Governor Scott Walker
Did a budget deal between Gov. Walker and three holdout Republican Senators break the law? One Wisconsin Now has submitted evidence to law enforcement authorities, including the Dane County District Attorney, and is asking for an investigation into whether a state law that prohibits legislators from agreeing to vote for a bill in exchange for other actions by a governor was violated. One Wisconsin Now Executive Director Scot Ross commented, “In their zeal to get their way, it seems Senators Kapenga, Nass and Stroebel may have forgotten there are still laws protecting clean and open government in Wisconsin, and that as legislators they are still expected to know them and to abide by them.” After the state budget passed the Assembly, Senators Kapenga, Nass and Stroebel declared they would not vote for the state spending plan unless a series of demands were met. Together, their three “no” votes were enough to block passage of the budget in the Senate. As reported by the Milwaukee Journal Sentinel when Gov. Walker signed the budget he used his partial veto power to strike several budget items to satisfy several of the demands of the holdout legislators. But Walker also took a separate action outside of the budget bill, which he highlighted in the same press release, signing an executive order implementing a policy provision contained in another bill authored by Sen. Kapenga and sponsored by Nass and Stroebel. The GOP trio responded with a press statement thanking Gov. Walker for his “cooperative approach” in meeting their demands. “I fear that, in addition to their public deal regarding veto assurances, they also struck a secret deal,” Ross wrote to the Dane County District Attorney, “I must ask that you, together with the District Attorneys of Ozaukee, Waukesha and Walworth Counties, where Senators Stroebel, Kapenga and Nass reside, respectively, investigate this disturbing matter and reaffirm to all Wisconsinites that no one is above the law.”
Senator Tammy Baldwin
Sen. Baldwin joined Senators Debbie Stabenow (D-MI) and Roy Blunt (R-MO) as a cosponsor of the Community Health Investment, Modernization, and Excellence (CHIME) Act, which would reauthorize the Community Health Center Fund (CHCF) and the National Health Service Corps (NHSC) for five years. In addition, the bipartisan bill provides four percent increases for the CHCF and NHSC every year beginning in fiscal year 2019. “Families across the state of Wisconsin rely on the 17 community health centers across our state for critical, quality and affordable health care services, including preventative care, vision services and low-cost dental care,” Baldwin said. “Without immediate action to continue funding for these critical providers, more than 30 thousand Wisconsinites could lose access to care. We must act now on this bipartisan legislation to help keep these vital community health centers open and serving their communities.” Without extension of the CHCF, community health centers will lose seventy percent of their funding. This will result in an estimated 2,800 site closures, the loss of 50,000 jobs, and result in nine million Americans losing their access to care.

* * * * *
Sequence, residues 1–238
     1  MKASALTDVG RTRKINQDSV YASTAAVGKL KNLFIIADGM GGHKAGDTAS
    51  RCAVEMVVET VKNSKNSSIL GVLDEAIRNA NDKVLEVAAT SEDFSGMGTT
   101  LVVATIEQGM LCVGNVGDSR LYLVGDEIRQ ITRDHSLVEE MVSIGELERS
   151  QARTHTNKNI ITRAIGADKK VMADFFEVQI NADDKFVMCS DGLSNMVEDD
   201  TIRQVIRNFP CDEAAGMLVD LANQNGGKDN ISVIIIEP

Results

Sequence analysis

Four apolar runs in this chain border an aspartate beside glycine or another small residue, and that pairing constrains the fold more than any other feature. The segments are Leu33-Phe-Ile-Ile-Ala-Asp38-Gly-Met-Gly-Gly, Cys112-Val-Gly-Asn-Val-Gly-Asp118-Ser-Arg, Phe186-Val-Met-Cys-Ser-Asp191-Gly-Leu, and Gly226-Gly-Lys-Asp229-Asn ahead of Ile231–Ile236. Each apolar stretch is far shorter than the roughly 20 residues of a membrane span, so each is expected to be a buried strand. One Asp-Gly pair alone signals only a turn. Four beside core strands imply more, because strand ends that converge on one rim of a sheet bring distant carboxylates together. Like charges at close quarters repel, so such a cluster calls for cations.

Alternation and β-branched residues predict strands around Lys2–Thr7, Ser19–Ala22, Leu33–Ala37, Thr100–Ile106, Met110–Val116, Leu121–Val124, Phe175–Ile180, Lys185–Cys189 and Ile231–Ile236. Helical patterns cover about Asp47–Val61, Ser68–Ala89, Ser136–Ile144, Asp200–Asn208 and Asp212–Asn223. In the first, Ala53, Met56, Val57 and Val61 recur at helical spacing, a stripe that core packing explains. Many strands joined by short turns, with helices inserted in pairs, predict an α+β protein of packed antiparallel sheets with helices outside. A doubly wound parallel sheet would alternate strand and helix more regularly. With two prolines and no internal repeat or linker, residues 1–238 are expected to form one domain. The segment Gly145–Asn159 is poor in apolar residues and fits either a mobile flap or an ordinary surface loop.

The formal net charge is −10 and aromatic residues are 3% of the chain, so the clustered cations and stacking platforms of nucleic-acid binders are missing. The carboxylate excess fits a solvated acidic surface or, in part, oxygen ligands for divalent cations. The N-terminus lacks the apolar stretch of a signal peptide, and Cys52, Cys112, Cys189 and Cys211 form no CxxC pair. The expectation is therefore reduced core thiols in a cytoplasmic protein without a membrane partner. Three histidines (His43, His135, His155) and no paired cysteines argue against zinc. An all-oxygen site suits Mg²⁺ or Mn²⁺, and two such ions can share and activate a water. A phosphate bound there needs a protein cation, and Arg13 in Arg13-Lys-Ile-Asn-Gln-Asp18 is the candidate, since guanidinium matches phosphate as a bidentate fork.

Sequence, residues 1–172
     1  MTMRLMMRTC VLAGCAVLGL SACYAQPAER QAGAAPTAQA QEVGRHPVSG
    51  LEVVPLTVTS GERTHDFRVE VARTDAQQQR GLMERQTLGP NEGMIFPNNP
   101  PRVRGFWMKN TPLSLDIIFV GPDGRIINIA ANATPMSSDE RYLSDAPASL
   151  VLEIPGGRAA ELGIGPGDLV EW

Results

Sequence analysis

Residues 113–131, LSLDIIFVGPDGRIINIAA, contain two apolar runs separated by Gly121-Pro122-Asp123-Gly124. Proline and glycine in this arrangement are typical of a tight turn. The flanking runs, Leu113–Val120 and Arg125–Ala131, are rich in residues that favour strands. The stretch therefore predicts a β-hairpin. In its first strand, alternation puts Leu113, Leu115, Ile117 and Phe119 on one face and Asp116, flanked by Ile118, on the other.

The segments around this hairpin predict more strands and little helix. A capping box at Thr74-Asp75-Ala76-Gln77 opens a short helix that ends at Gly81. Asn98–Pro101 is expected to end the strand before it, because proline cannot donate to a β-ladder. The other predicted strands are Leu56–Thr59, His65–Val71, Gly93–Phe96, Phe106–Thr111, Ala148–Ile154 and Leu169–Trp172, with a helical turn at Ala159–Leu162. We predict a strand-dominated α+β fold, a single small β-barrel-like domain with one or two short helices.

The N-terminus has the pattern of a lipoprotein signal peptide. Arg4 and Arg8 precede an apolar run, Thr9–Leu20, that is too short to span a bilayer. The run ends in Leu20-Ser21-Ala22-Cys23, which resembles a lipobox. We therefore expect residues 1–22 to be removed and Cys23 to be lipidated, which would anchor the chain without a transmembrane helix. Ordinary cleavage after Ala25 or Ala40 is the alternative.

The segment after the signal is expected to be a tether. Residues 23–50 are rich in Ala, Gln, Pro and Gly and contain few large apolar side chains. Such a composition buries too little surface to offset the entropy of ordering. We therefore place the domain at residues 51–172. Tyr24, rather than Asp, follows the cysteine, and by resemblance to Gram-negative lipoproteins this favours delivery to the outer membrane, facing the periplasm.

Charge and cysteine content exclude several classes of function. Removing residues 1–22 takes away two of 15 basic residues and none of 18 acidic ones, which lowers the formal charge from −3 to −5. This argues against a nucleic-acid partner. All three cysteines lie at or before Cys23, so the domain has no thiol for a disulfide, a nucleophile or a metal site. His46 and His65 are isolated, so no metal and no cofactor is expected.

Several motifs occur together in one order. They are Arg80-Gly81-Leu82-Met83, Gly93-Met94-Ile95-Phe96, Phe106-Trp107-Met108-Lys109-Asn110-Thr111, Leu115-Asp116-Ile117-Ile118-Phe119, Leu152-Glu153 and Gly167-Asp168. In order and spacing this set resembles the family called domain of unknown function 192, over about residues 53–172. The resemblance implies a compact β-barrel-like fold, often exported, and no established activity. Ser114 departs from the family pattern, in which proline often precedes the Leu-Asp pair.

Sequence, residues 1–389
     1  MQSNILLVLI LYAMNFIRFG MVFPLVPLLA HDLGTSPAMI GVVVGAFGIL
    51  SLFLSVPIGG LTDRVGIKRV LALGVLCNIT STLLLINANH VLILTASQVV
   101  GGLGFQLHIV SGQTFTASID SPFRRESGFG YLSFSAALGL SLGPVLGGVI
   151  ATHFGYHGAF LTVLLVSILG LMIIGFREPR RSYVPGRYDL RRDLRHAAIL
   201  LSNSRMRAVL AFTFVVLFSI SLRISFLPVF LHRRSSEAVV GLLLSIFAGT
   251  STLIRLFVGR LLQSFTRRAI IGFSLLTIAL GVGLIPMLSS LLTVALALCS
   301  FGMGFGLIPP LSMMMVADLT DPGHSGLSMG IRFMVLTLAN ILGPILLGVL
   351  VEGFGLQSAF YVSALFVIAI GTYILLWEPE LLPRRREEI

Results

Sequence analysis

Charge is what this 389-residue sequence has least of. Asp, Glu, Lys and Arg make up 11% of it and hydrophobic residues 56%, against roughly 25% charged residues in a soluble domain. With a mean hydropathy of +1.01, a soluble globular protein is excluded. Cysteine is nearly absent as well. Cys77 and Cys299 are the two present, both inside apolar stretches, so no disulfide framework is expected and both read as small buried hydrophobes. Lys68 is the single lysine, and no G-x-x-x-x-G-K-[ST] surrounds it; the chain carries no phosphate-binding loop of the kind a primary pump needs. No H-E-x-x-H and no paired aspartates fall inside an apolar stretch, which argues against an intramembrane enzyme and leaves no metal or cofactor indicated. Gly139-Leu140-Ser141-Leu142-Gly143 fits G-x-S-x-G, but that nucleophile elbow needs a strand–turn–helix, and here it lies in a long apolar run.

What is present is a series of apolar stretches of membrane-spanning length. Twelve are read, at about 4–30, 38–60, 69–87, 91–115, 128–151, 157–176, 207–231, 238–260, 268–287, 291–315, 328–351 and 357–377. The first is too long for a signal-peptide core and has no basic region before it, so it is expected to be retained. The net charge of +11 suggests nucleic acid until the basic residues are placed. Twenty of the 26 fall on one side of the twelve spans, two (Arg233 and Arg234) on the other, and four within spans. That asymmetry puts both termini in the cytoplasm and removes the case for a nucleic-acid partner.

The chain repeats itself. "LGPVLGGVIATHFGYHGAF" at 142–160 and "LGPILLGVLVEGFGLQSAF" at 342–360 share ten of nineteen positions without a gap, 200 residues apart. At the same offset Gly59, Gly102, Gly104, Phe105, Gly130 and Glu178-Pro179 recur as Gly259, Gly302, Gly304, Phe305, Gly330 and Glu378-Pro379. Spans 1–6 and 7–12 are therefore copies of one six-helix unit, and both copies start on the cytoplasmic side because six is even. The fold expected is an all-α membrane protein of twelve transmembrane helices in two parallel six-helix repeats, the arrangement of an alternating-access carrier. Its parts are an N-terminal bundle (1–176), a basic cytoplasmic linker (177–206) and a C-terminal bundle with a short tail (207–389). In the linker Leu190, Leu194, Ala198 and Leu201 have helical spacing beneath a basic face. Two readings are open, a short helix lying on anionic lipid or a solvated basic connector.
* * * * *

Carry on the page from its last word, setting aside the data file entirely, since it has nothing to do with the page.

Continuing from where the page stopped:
Source: Baldwin press release
Senator Ron Johnson
Sen. Johnson on Friday told a group of New Berlin West High School students that they don’t have a right to health care, food and shelter. His statement in the auditorium was in response to a question posed during a forum with students interested in politics, journalism and government. “Do you personally consider healthcare as a privilege or a right?” one student inquired. Wisconsin’s junior senator did not hesitate: “I think it’s probably more of a privilege.” He continued: “Do you consider food a right? Do you consider clothing a right? Do you consider shelter a right? What we have as rights is life, liberty and the pursuit of happiness. Past that point, we have the right to freedom. Past that point is a limited resource that we have to use our opportunities given to us to afford those things.” He said the task of public officials is to create an environment that grows the economy so that more people can enjoy the “privilege” of food, shelter and health care.
President Donald Trump
President Trump said Tuesday that the U.S. will “be talking about gun laws as time goes by” in the wake of the Las Vegas shooting, the nation’s deadliest in modern history. “Look, we have a tragedy … and what happened in Las Vegas is in many ways a miracle. The police department has done such an incredible job,” Trump said at the White House before he left for Puerto Rico. The President was asked about a gun bill currently making its way through the House that would loosen restrictions on purchasing gun silencers. Trump said that he would talk about that later. He was also asked if the massacre, which killed at least 59 and injured hundreds of others, could have been prevented. Though he didn’t answer the question directly, he characterized the shooter, Stephen Paddock, 64, as “a sick man, a demented man” and added that “we’re looking into him very, very seriously.”